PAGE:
tagNovels and NovellasBattle for the Known Unknown Ch. 16

Battle for the Known Unknown Ch. 16

bybradley_stoke©

Chapter Sixteen
Ulysses - 3751 C.E.


It only when the space ship Ulysses had travelled far enough from the Schmidt Republic that it appeared as nothing more than a tiny dot in the distance that Paul and Beatrice received a visit from Lieutenant Korolyov. He introduced himself as the Interplanetary Union military officer whose assignment was to ensure that the couple would arrive safely on Earth. He was a Saturnian, as were most Interplanetary Union officers in this part of the Solar System, and in common with most Saturnians his head was shaved and he showed far less interest in Beatrice's charms than those few possessed by Paul.

"You're probably aware that our brief sojourn at Schmidt was a security nightmare," the lieutenant remarked as he sat down on the plush armchair in Paul's luxury apartment. "You appear to have been the target of every terrorist and criminal in the Solar System, so we've radically upgraded your level of security."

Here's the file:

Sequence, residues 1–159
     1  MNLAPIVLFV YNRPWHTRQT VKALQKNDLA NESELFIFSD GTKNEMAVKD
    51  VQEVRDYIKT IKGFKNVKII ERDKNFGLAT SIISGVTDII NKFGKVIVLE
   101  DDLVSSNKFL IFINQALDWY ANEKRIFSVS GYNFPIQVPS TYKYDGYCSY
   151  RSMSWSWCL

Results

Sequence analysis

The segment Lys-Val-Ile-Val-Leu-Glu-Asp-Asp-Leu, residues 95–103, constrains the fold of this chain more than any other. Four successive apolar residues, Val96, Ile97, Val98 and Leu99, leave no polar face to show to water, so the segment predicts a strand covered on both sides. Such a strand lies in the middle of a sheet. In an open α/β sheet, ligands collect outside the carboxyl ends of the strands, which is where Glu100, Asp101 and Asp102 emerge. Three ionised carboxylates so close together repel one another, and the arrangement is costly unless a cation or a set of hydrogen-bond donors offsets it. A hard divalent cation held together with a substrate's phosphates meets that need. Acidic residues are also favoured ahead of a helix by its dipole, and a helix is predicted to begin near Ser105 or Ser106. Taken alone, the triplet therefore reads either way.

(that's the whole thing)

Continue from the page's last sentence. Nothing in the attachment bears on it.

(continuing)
"Why are we being targeted, lieutenant?" Beatrice wondered as she clasped Paul's hand in her own.

"My security clearance isn't high enough for me to know the answer," said Lieutenant Korolyov. "I haven't even been briefed as to why you're travelling to Earth or whether you'll be travelling on from there. My job is to ensure that you make your scheduled rendezvous at Pacific City. It is my duty to guard you against any lunatic or saboteur who wants to prevent that happening."

"Well, thank you," said Paul, who was genuinely grateful that so many people were concerned about his welfare.

"You'd have thought, wouldn't you, that my duty would be fairly straightforward," continued the lieutenant, "but the task of guaranteeing your safety has been a challenge to every security officer assigned to you ever since you arrived at Ecstasy. There are two things I am here to inform you of. The first is that neither the captain of the space ship Ulysses nor any of the crew is aware of your real identities or even of your special security requirements. This isn't solely for security reasons. It's unlikely that the captain would agree to admit people like you whose mere presence could imperil all the other passengers."

"And the second thing you want to inform us of?" Beatrice asked when the lieutenant hesitated.